After years of toying with the idea, I have decided to write often, about film. For a long time I struggled with the mode, tone, venue, lacking what I thought was a structured purpose for a blog. But then I thought: I love film because of its emotions. So why not just write about film and feelings? Be warned: you will find little academic theory in here, and even less film criticism. This is purely an outlet for me to write about how film makes me feel.
As there is no “perfect film” to start with, I’ll start with one I saw this summer. Friends With Kids, a rom-dram-sometimes-com starring Jennifer Westfeldt of Kissing Jessica Stein.
She also wrote and directed, which makes me inevitably think we are peering into her mid-30s worried mind, but so be it. She decides to have a baby with a male friend of hers while they watch their married friends struggle with both romance and kids simultaneously. The latter seems to them a surefire way to ruin a marriage, so they say, do the baby-raising together and leave the romantic excitement for other people. Um, worst idea ever, I thought at first, both for real people who, once baby in hand, realize the need to rely completely on the other to get through the sleepless nights, and also for a romantic comedy. What viewer is going to believe that two friends with no romantic connection are enough to carry a love story?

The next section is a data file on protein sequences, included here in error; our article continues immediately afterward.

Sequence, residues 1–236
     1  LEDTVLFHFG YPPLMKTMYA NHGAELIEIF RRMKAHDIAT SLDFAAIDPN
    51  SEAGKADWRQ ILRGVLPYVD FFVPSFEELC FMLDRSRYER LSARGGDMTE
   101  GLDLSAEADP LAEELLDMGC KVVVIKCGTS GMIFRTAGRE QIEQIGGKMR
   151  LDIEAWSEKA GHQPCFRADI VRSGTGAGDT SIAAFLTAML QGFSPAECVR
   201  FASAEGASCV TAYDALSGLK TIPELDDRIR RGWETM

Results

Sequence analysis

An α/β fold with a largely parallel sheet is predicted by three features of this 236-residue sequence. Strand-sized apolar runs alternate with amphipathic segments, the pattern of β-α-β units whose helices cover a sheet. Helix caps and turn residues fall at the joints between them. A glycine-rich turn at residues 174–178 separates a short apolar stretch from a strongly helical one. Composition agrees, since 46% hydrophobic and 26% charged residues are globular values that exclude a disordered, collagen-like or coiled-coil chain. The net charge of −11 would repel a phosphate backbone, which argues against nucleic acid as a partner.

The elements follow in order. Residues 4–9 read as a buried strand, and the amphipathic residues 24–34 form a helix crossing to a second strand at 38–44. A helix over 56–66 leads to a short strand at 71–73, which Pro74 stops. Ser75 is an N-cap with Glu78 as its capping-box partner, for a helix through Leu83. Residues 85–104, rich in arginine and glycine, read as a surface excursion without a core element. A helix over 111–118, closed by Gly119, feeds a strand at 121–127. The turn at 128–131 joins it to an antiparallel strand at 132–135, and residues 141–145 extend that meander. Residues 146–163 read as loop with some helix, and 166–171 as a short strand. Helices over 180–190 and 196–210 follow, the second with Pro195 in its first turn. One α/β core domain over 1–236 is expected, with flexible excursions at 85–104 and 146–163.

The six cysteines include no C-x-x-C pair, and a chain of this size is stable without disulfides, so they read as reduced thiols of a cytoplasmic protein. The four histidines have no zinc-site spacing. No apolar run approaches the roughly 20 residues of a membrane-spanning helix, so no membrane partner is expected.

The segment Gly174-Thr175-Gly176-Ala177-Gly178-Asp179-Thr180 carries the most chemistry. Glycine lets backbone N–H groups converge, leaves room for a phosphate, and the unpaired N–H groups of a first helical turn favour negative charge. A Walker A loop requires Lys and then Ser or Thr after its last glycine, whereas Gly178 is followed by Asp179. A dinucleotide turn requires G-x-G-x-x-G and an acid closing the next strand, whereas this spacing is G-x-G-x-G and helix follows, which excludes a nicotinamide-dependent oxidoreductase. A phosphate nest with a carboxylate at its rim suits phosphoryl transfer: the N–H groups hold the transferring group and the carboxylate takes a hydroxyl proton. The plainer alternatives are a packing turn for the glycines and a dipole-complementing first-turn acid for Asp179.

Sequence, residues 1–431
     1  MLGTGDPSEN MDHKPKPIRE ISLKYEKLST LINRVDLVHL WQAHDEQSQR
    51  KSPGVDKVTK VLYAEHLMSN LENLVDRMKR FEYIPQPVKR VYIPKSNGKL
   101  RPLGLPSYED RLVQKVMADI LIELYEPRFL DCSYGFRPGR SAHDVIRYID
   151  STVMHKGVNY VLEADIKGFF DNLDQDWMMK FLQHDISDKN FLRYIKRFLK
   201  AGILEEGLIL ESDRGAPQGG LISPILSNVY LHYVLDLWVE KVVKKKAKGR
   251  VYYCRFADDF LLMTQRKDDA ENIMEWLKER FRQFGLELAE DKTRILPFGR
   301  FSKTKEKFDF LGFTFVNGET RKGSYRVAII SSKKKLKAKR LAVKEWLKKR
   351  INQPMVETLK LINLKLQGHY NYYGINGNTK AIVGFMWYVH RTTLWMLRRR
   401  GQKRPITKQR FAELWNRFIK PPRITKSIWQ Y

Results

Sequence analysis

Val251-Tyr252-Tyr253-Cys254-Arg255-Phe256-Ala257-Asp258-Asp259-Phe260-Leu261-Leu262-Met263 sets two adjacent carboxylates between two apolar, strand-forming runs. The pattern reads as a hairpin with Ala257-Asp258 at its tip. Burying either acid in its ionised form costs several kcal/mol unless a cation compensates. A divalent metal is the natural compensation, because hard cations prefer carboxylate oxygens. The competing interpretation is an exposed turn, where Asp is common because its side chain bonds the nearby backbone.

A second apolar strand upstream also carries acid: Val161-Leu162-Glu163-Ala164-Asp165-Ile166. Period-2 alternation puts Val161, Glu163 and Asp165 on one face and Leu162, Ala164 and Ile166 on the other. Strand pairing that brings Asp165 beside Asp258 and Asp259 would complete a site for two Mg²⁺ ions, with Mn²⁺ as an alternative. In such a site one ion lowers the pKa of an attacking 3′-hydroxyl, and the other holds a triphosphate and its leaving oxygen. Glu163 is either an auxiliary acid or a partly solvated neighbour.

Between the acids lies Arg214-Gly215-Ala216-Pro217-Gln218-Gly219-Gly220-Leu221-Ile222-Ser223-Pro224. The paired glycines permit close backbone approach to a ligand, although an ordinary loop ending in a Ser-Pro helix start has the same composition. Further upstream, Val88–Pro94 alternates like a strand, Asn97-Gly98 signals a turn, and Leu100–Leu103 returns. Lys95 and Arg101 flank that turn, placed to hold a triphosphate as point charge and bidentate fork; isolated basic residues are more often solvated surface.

But slowly, the film got me pondering and emotionizing in a good way. Jon Hamm and Kristin Wiig’s tiresome marriage and Maya Rudolph’s heartfelt mom dance made me peer into my own life. I, and a lot of 20-somethings in my generation, are so conflicted about marriage and kids. Whether or not we want to settle down right away, we believe that family is important but that we shouldn't settle for a mediocre mate. The message of the film (well, not the obvious one, which was that maybe your best friend, if male, could end up being the love of your life) therefore seemed to be a warning against kids in first relationships (unless those relationships are sexless?). Better to hash out your immature commitments with a first spouse so that you either learn from the divorce or stick it out for the long haul, and while both have relatively happy endings, the meaty stuff in the present is going to suck.
Similarly, like the male friend Jason in the film, I may be somewhat brainwashed by the media messages that emphasize newness and excitement over compatibility and familiarity when it comes to dating. In fact, I definitely am. And while that fades fast, I think it's almost addictive to want to hold on to newness and excitement. Ideally we would all feel excitement turn gracefully from attraction into contentment with someone who feels right. But how do we overcome this culture of instant gratification when films of our generation (and actually, of all generations), take less than two hours to tell the story of people falling in love?